EtronX - The Electronic Marvel That Bombed
Q: I read about a Remington rifle called the EtronX that utilized an electric primer to ignite the powder charge. I believe it was introduced in three varmint calibres - .22-250, .220 Swift and .243 Win. Although the article mad mention of the EtronX it didn't really elaborate much. What can you tell me about it?
A: The EtronX was launched in 2001. It was the first rifle of its type to be made by an American company and used standard cases and powders, only the primer was different. Based on the standard Model 700 action, it differed in a number of ways. The bolt had no spring-powered firng pin in its bolt, instead it used a spring-loaded, ceramic-insulated metal electrode that contacted the primer when the cartridge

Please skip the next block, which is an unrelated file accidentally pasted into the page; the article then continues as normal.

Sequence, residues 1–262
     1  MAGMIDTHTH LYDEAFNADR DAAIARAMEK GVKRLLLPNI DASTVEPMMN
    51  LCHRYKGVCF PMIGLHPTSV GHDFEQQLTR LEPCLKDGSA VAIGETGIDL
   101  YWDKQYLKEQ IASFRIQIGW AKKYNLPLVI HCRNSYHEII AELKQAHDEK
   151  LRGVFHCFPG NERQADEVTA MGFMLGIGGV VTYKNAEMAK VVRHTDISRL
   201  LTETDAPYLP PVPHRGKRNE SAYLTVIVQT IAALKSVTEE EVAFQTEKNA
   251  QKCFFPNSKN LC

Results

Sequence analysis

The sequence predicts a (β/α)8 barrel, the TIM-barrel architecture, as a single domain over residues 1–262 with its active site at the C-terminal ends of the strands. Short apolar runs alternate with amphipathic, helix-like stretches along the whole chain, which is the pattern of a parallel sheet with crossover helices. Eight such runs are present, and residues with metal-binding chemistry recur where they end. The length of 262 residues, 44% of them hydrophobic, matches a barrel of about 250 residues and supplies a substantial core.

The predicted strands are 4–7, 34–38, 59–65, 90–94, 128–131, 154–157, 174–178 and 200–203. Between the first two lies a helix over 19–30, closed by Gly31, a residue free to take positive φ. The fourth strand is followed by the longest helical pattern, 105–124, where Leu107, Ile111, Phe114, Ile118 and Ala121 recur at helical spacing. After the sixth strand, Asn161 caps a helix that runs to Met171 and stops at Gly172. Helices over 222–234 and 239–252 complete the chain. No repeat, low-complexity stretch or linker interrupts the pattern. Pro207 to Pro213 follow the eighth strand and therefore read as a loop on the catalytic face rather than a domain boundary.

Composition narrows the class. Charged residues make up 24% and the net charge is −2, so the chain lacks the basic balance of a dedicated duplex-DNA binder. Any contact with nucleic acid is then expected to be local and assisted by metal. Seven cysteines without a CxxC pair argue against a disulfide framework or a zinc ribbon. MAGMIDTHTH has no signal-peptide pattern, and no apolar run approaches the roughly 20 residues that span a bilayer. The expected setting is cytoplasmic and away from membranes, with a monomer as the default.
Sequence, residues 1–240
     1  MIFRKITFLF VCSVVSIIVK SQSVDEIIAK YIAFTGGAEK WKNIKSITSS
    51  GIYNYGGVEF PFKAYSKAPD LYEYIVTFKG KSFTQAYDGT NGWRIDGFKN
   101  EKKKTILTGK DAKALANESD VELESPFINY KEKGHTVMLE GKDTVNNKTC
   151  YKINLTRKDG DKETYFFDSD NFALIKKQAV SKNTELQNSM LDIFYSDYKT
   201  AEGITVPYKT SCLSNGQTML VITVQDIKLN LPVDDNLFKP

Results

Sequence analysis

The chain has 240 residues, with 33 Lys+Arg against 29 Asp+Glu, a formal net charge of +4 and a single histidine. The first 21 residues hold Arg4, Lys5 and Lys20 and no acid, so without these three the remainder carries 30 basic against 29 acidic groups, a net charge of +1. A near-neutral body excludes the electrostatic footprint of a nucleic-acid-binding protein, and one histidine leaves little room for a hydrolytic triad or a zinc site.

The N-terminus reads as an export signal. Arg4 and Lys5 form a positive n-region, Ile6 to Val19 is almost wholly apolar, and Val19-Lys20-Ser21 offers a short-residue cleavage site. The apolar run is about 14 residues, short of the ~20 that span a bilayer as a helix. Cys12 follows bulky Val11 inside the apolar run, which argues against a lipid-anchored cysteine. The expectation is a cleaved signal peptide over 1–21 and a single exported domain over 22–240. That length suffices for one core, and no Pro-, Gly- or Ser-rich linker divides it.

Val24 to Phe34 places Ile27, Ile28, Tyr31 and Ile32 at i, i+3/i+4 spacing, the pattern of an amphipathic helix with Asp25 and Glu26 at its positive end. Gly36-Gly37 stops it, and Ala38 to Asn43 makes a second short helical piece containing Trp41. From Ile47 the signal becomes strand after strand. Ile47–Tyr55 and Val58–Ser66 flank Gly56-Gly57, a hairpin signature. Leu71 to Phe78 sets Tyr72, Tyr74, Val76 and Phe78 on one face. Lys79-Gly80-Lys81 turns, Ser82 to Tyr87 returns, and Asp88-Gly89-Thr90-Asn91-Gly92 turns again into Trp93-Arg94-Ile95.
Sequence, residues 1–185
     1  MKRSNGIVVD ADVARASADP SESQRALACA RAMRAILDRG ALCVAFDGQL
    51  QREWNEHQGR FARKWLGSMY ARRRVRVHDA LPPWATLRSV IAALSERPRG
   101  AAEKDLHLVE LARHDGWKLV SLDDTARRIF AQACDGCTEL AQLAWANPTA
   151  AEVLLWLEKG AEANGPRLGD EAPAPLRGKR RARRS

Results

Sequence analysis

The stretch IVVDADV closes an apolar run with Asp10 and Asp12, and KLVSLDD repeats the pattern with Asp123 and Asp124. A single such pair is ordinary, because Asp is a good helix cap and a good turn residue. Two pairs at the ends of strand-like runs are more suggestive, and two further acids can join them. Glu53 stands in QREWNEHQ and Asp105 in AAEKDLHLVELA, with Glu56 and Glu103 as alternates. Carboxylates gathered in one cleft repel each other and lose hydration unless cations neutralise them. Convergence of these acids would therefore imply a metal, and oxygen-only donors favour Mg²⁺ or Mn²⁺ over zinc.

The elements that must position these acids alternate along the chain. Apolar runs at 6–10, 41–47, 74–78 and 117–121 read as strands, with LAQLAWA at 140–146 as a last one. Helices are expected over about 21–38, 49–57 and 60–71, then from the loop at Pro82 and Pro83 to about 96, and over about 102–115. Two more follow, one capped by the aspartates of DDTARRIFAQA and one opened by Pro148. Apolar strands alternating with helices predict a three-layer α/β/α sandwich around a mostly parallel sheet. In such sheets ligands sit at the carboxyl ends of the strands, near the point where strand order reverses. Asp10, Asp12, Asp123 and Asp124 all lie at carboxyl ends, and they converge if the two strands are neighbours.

was chambered and the bolt closed. The safety was a simple two-position switch. In its rearward "Safe" position the electrical circuit from a 9-volt battery housed in the buttstock is broken. Pushing the switch forward to "Fire" completes the circuit, allowing electricity to flow from the battery through the safety and to the trigger. A press on the trigger (which acts as a secondary switch) allows the current to flow through the electrode inside the bolt and through the primer of a chambered round. The electric current fires the primer which in turn ignites the powder charge. A key-operated primary switch in the bottom of the grip of the stock can be used to disable the rifle and prevent it from being fired. An alkaline battery would give from 1500 to 2000 firings. A computer housed in a compartment in the buttstock was the brain of the machine, and a red indicator light atop the grip reveals the status of the rifle to its user. This is a greatly simplified explanation of how the EtronX system works. Although EtronX rifles were very accurate, I think the reason they didn't catch on was because the system was just too complicated and required a special primer.